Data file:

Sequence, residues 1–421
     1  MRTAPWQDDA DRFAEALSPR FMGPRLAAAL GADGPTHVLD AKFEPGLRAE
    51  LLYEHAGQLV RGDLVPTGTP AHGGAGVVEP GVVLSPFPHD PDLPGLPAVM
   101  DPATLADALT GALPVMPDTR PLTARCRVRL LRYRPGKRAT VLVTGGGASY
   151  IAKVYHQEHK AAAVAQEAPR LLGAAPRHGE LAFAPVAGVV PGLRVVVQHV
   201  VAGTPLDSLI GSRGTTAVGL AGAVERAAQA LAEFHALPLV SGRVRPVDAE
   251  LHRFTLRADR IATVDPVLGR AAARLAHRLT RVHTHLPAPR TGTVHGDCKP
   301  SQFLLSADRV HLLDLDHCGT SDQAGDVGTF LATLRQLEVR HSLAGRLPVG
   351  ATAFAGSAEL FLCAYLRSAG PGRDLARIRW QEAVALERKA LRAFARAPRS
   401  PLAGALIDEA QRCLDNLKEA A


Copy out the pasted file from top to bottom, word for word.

Sequence, residues 1–421
     1  MRTAPWQDDA DRFAEALSPR FMGPRLAAAL GADGPTHVLD AKFEPGLRAE
    51  LLYEHAGQLV RGDLVPTGTP AHGGAGVVEP GVVLSPFPHD PDLPGLPAVM
   101  DPATLADALT GALPVMPDTR PLTARCRVRL LRYRPGKRAT VLVTGGGASY
   151  IAKVYHQEHK AAAVAQEAPR LLGAAPRHGE LAFAPVAGVV PGLRVVVQHV
   201  VAGTPLDSLI GSRGTTAVGL AGAVERAAQA LAEFHALPLV SGRVRPVDAE
   251  LHRFTLRADR IATVDPVLGR AAARLAHRLT RVHTHLPAPR TGTVHGDCKP
   301  SQFLLSADRV HLLDLDHCGT SDQAGDVGTF LATLRQLEVR HSLAGRLPVG
   351  ATAFAGSAEL FLCAYLRSAG PGRDLARIRW QEAVALERKA LRAFARAPRS
   401  PLAGALIDEA QRCLDNLKEA A